Linz Craig shares his experiences as a lone American in a new African brand of technology lab, similar to Maker Spaces and Hackerspaces, called Fundi Labs.
In my previous column I introduced the Fundi Lab, which is located in a district in Uganda's capital called Ntinda.
The people at Fundi Bots are a varied crew. There is Victor, the quiet lab manager who -- by his own admission -- will sit and observe a conversation silently for hours on end until the topic of electronics comes up. Then he will speak with authority and, if the conversation can be steered towards transistors, capacitors, and oscillators, his eyes twinkle, a smirk appears and the jokes pour forth as he is truly in his element. Victor currently works on prototypes that harvest energy from a bike, including automating the wire-wrapping process necessary to create inductors, motors, and transformers. He's pursuing these forms of automation with the hope that one day Uganda can produce its own electronics instead of importing them. Victor bikes through the chaotic streets of Kampala in the morning to open the lab, and spends his free time watching informative movies on anything from quantum physics to green energy.
Victor works to fix Carnegie Mellon Rwanda's 3D printer.
Then there is Arnold, who dances to a soundtrack that often only he can hear. Providing laughter and cheer in the lab, he explores programming and sensors with a ready grin and an imaginary dance floor. Arnold is happy to admit that he is learning constantly. Always willing to stop and explain his work to those who don't understand, he rejoices in teaching and will expound for hours on the capabilities of a child who has started to learn programming in Scratch at a young age.
Fundis understand the power of introducing programming to a younger generation with Scratch.
The person most likely to wear the hat of Official Mechanical Engineer is Samson, an energetic young man with a shaved head and a friendly yet powerful presence. He prefers the sound of machines to music and works with projects that contain pneumatic valves, motor drivers, drive shafts, and gears, and he also works with infrared applications. When Samson arrives, he is often quiet, but it is impossible to miss the enthusiasm with which he launches into his work -- sawing, soldering, and banging away on the mechanical aspects of the various Fundi Projects. Samson's main project right now is the electronic wheelchair that is often seen bumping into chairs and tables in the Fundi Lab of its own accord.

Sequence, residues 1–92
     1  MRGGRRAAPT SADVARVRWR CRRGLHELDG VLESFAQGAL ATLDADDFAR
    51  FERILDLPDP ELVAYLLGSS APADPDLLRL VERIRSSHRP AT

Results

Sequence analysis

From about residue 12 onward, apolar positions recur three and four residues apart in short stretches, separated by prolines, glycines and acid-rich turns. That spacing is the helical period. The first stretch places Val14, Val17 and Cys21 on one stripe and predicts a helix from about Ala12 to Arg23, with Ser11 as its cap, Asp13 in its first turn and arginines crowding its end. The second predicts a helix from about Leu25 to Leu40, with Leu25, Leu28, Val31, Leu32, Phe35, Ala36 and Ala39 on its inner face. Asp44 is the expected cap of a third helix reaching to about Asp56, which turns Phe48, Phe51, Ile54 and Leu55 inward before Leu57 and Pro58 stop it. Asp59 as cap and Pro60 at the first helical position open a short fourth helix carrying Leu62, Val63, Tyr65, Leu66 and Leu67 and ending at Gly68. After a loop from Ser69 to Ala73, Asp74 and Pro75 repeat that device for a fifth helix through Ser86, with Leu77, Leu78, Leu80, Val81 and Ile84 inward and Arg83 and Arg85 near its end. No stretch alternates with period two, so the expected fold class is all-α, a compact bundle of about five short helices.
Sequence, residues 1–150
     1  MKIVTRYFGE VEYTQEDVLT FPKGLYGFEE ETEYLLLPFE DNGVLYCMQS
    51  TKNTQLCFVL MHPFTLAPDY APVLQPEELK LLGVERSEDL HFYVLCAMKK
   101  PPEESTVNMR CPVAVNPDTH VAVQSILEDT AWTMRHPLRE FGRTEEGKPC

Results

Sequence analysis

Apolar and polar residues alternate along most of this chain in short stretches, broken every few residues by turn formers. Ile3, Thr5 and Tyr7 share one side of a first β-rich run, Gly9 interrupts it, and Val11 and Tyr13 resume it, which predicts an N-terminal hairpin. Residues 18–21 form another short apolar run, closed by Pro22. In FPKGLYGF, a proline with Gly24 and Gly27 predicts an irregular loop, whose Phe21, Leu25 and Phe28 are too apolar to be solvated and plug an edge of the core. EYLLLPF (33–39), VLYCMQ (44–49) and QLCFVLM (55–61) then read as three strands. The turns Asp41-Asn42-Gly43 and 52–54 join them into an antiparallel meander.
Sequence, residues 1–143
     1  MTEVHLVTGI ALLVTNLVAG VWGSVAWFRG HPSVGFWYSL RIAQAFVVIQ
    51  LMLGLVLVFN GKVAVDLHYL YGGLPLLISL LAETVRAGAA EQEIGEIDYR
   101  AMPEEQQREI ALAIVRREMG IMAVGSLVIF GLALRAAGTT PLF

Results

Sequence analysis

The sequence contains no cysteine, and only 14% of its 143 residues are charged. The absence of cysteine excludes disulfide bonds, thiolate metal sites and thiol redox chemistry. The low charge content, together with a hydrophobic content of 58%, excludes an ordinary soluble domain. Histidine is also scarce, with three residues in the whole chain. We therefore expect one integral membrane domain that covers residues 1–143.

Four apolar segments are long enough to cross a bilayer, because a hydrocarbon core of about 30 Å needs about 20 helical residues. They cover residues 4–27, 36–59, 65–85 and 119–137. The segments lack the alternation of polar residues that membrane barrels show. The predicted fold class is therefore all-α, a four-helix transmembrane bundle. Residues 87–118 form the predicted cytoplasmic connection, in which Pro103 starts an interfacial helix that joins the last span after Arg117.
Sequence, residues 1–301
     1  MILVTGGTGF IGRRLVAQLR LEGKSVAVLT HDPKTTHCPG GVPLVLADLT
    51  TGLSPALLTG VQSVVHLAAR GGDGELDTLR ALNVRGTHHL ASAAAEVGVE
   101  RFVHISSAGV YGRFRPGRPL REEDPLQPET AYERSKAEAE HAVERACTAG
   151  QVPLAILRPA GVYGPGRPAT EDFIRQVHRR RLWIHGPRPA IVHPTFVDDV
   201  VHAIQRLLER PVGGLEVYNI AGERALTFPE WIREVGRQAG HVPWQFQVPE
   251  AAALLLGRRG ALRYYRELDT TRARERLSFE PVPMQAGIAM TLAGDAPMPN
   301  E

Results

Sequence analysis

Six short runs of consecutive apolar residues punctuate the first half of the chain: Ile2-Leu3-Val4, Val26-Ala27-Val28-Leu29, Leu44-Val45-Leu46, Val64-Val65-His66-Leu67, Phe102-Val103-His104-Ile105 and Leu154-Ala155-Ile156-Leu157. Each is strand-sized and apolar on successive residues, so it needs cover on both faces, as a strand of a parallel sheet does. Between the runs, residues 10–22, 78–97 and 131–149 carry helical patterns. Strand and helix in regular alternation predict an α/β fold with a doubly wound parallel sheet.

Samson, bridging the gap from bits to a bit of movement.
Cathy is an electrical engineer in training whose dreads can often be found dangling over a soldering iron and a PCB, a breadboard, or a video game. She is a smaller woman with a somewhat serious demeanor that is belied by a gigantic smile and seemingly limitless energy. Cathy's presence with students is reassuring, knowledgeable, and gentle. She revels in logic gates and PCB design when her school work load allows her to be present in the lab.
Cathy works with Arduino, Processing, and Bluetooth.
Kuhltims works in a hospital during the days as he finishes up a degree in the medical field. What little free time he has is spent in the Fundi Lab. He dreams of integrating technology with medical practices so that Ugandans can create and fix their own biomedical tools. Kuhltims' most often observed mannerism is a high pitched "Ehh!" and a shake of the head in wonderment. This exclamation is often followed by something along the lines of "but Lindsay, this is wonderful! We can use this for..." When Fundi Labs starts to make moves towards biotech research and development it is my hopes that Kuhltims will lead that particular arm.
Henry was extremely excited to mill his own PCBs with the Othermill.
Henry is the person who opens and maintains the lab when Victor is traveling giving workshops. He is a short thin man who has a smile for anyone with an open mind. Henry's background is in wireless communication, and he is partially responsible for inspiring Victor to pursue electronics. The two of them used to go to Henry's house after school where there were piles of old electronics waiting to have new life breathed into them. I recently had the pleasure of having the magic of radio waves further illuminated by Henry. His current work includes designing transceiver PCBs and helping Samson with infrared applications.
Click here to see my video Who are the Fundi Bots?
There are also plenty of newcomers, including Charles, Mordikai, Hillary, Matthew, Tom, a younger Solomon, and others whose names elude me, but Victor knows them all. There are high school and university students who stop by asking for help on projects or to see if they can join the Fundi Bots in their almost non-existent free time. Also there are the once and future members who attend university too far away to be constant supporters -- such as quiet and knowledgeable Mackenzie -- but who work with Fundi Bots on projects and hope to head a satellite branch of the technology education organization someday.
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